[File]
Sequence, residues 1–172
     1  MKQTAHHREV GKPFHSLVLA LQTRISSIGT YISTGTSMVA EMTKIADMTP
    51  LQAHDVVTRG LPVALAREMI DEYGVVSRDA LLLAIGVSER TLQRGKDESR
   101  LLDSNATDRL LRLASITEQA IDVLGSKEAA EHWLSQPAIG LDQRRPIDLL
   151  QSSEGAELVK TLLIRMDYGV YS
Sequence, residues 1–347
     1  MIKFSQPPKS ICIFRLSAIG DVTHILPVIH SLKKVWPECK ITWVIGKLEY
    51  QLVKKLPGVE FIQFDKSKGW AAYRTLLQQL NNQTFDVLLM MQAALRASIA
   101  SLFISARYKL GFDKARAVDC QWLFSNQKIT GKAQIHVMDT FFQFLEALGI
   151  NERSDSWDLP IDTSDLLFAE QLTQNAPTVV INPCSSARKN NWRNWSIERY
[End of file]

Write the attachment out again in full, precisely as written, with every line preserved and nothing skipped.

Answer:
Sequence, residues 1–172
     1  MKQTAHHREV GKPFHSLVLA LQTRISSIGT YISTGTSMVA EMTKIADMTP
    51  LQAHDVVTRG LPVALAREMI DEYGVVSRDA LLLAIGVSER TLQRGKDESR
   101  LLDSNATDRL LRLASITEQA IDVLGSKEAA EHWLSQPAIG LDQRRPIDLL
   151  QSSEGAELVK TLLIRMDYGV YS
Sequence, residues 1–347
     1  MIKFSQPPKS ICIFRLSAIG DVTHILPVIH SLKKVWPECK ITWVIGKLEY
    51  QLVKKLPGVE FIQFDKSKGW AAYRTLLQQL NNQTFDVLLM MQAALRASIA
   101  SLFISARYKL GFDKARAVDC QWLFSNQKIT GKAQIHVMDT FFQFLEALGI
   151  NERSDSWDLP IDTSDLLFAE QLTQNAPTVV INPCSSARKN NWRNWSIERY